Central to such a study of Jefferson is the logic, pragmatism, expediency, and compromises he lived with regarding slavery. Not only did he write the words that contained a explosive device for slave owning, but he had a long-time relationship with a slave woman, with whom he had children. His life and thoughts are anguishing to read about due to his waffling on these issues. One seeks to understand without having to approve of how others lived.

Rank this book high on the list of political studies for your upcoming reads.

5. World War II at Sea: A Global History by Craig Symonds


6.. Fire and Steel: The End of World War II in the West by Peter Caddick-Addams, published by Oxford University Press


9. Devil Dogs: King Company, Third Battalion, 5th Marines–From Guadalcanal to the Shores of Japan by Saul David is published by Pegasus Books.

These three World War II histories were all outstanding reads. The first, World War II at Sea, focuses on the whole war, from beginning to end, with all sides and both oceans. I cannot fathom how much metal lies at the bottom of the oceans from the number of ships sunk in the course of the war. Halfway through the book, I was convinced that the Allies were going to lose the war. It was productivity that ultimately turned the tides. Of course, many a brave admiral and seaman played a huge role as well. This is a monumental survey of lots of events, lots of key people and players, and many twists and turns.

The second book, Fire and Steel, is part of a trilogy of historical studies by Peter Caddick-Adams. The first one, Fire and Sand, covers the Normandy invasion, and the second one, Fire and Snow, deals with the Ardennes Offensive (often called the Battle of the Bulge). The amazing part of this book for me was realizing how much fight, how much resistance, and how much fanaticism existed in Nazi Germany in its death throes during the last three months of the war. And the focus of this book is only on the western campaign. The war on the Eastern Front against Russia is only referenced in passing.

The third of these books, Devil Dogs, was my evening reading during late November and December. It is not exactly a pleasant holiday read. But it is an incredible account, an American Iliad of a sort, that follows one battalion from the beginnings of the war to its end.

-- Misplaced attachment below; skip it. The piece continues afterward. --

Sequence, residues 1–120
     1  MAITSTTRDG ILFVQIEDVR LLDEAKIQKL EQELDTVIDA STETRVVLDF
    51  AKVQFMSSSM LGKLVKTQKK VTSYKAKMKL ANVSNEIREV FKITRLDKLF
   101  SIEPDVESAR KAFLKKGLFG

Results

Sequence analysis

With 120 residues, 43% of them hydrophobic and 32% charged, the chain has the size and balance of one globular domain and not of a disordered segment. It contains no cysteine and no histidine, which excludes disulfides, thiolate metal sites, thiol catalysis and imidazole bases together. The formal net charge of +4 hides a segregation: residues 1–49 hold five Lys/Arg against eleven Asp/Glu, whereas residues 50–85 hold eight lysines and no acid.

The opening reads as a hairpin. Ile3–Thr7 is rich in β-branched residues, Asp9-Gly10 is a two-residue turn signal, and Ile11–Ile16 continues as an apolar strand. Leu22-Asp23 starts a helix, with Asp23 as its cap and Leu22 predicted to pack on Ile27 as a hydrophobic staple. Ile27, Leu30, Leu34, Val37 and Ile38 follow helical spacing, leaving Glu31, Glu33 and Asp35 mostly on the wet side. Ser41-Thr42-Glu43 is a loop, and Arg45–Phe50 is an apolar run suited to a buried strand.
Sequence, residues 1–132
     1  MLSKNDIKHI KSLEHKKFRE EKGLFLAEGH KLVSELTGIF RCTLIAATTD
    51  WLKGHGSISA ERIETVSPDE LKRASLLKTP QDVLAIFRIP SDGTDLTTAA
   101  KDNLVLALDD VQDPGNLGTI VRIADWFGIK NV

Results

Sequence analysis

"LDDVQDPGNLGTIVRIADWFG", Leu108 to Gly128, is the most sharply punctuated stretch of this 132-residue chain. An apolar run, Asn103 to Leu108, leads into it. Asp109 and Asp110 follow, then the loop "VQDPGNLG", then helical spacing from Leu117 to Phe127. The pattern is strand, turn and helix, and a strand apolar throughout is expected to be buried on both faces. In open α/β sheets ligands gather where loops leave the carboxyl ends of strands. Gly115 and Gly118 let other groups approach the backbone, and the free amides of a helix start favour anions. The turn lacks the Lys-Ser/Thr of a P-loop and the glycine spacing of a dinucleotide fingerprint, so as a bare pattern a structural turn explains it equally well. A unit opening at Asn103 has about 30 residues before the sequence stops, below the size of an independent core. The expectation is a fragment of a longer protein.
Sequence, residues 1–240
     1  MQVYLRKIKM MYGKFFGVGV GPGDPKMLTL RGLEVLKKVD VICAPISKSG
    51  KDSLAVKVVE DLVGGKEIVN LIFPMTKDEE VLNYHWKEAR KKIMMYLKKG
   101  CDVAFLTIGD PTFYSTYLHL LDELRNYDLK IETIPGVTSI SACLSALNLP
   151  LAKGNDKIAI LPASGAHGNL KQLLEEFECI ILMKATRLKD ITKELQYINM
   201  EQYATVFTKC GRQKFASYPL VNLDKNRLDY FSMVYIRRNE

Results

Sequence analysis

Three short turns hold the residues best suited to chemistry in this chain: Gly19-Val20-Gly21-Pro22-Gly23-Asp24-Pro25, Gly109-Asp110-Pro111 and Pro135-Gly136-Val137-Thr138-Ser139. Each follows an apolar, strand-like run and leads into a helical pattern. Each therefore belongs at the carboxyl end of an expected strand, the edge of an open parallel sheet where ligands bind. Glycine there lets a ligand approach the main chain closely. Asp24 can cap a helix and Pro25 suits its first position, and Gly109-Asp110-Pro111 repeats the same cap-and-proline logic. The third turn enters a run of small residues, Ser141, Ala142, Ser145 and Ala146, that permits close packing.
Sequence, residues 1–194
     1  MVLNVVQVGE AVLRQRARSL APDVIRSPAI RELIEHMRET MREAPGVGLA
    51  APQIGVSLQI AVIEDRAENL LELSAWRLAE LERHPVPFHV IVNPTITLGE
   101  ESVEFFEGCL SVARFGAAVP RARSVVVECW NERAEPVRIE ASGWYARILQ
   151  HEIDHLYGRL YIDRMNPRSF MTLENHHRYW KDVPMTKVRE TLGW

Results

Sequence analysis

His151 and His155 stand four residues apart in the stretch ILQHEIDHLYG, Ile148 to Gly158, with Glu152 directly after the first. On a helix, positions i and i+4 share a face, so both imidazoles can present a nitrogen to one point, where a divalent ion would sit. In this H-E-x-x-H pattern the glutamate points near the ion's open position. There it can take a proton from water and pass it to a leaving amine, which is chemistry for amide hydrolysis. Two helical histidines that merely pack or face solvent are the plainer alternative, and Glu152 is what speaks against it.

Some of the soldiers, both privates and officers, became familiar characters in the story. I learned to love and admire these men. When I would read of one dying, I felt a sliver of the sorrow that their fellow soldiers must have felt. One survivor wrote a book that was often referenced in this work. His name was E. B. Sledge and his book is titled With the Old Breed: At Peleliu and Okinawa. I don’t have it, but you can be certain that I plan on remedying that deficiency in my life.

All three of these books were highly readable and informative. I am determined to acquire and read anything I stumble across that these authors have written.

2022 “Best Of” Reading Experiences–Literature

See the source image

Readings from 2022 were, as always, memorable, mind altering, soul nourishing, and enjoyable. There were both exceptions to these categories and examples. I will highlight some of the more pleasant reading experiences with the “Best Of” book list to follow.

Literary Readings

Kristin Lavransdatter by Sigrid Unset

This book is a literary classic; the author won the Nobel Prize in Literature; and it is a thoroughly Christian book. I had long heard of it, but have rarely seen it in my bookstore jaunts. Perhaps, it is avoided because it is such a long book. It is the story of a woman named Kristin, who is the daughter (datter) of a man named Lavrans. She makes some bad choices along the way, struggles through a challenging marriage, and keeps the Faith through it all.

If you love books like Gone with the Wind, I think you will love this story. Side note: I need to now read Sigrid Undset: A Study in Christian Realism by A. H. Winsnes, published by Cluny Media.

Another side note: A trend in university English departments is to have courses on women’s literature. I will bet you a box of donuts that you can’t find a course that includes Sigrid Unset or Caroline Gordon. Do any of them even include Flannery O’Connor?

Remains of the Day by Kashuo Ishiguro

Kanuo Ishiguro, author of The Remains of the Day, is also a Nobel Prize in Literature winner from a few years back. I first watched the movie version of this years ago (starring Anthony Hopkins). I thorougly enjoyed this slow, subtle, dry-witted account of the life of an English butler.

Ishiguro is, to my surprise when I learned this, an Englishman. He has, as his name reveals, Japanese heritage.